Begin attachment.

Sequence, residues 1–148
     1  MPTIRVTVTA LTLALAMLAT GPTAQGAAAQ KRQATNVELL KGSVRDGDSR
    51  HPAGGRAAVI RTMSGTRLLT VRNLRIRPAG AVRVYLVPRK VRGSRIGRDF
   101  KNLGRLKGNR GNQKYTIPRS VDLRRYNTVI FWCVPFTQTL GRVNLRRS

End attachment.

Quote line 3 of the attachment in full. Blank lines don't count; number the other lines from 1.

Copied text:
    51  HPAGGRAAVI RTMSGTRLLT VRNLRIRPAG AVRVYLVPRK VRGSRIGRDF